When booking for our skydiving, the lady encouraged us to pay more for an extra minute of free fall. It was just an extra minute of free fall. That will cost another $100 or $200. I used that money and got the handy cam package instead. No regrets. 

8. Nature is free

⬆︎On top of Isthmus Peak after Roy’s Peak (both in Wanaka) was closed for lambing.

⬆︎Another Isthmus Peak view

Most of our destinations were free. We stayed away from cities as much as we can. You are more compelled to spend when things are available. That’s how consumerism works. Out of sight, out of mind. Nature is free, make the most out of it.

9. Make use of deals

⬆︎Jetboating for free

When I booked the Milford Cruise in winter, they were having deals. With every purchase of the Go Orange boat cruise ticket, one can be entitled to a free jetboat ride in Queenstown. Yes! Yes, please!

There are always deals in New Zealand to help you enjoy New Zealand at the same time save money. A good website would be It was this website that I booked my skydiving activity. Just make sure that you’re always keeping an eye out for cheap deals!

10. Winter is cheaper than summer

⬆︎Traveling in winter in our Apollo motorhome. Look at the autumn colours!

Everything is cheaper in winter. That includes motorhome rentals, holiday parks and activity bookings. In summer, not only will it be crowded, things were more expensive as well. Places get filled up very quickly and you see people everywhere you go!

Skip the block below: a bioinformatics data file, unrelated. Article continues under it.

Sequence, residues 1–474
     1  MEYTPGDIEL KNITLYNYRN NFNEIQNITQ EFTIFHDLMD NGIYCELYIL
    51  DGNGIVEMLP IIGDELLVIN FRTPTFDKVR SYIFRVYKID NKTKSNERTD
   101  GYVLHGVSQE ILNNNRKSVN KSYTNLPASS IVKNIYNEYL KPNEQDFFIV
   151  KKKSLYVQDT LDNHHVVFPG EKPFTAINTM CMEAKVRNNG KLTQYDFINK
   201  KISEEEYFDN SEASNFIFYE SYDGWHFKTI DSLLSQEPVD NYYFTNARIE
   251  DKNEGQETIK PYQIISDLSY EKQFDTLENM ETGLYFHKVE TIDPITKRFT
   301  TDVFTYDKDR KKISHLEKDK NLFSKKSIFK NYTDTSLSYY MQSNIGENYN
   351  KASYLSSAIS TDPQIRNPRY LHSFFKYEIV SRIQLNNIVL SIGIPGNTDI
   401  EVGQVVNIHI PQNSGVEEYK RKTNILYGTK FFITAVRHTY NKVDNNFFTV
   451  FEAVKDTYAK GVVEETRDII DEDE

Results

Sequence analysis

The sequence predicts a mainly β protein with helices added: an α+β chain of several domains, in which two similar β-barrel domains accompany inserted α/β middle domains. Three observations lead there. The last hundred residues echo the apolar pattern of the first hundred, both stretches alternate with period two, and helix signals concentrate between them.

Of course, if it seemed too good to be true, it probably has its reasons to be. It can be extremely cold and painful to travel in winter. It rains sometimes and you will have to bear the excruciating pain when a breeze passes by. To balance it all out – you get to witness snow, like my parents did for the first time in their lives. 

11. Work your butt off! Literally working with butts.

⬆︎Milking cows in a milking shed.

Last but not least, work. 

We worked every possible chance that we got. The glamorous life that you see on pictures did not show how hard we worked; how we volunteered to work on weekends when everyone else just wanted their weekends off; how we insisted to work when no work was given to us; how we were willing to go the extremes just to get paid. 

Be willing.


⬆︎Went on a boat fishing trip with my host and ended up catching heaps of fishes!

There are all kinds of ways you can travel New Zealand on a budget! Most importantly, don’t compromise your experiences because you only live once (YOLO)!

Being frugal is not a bad thing. At least you come back with some money, not completely broke.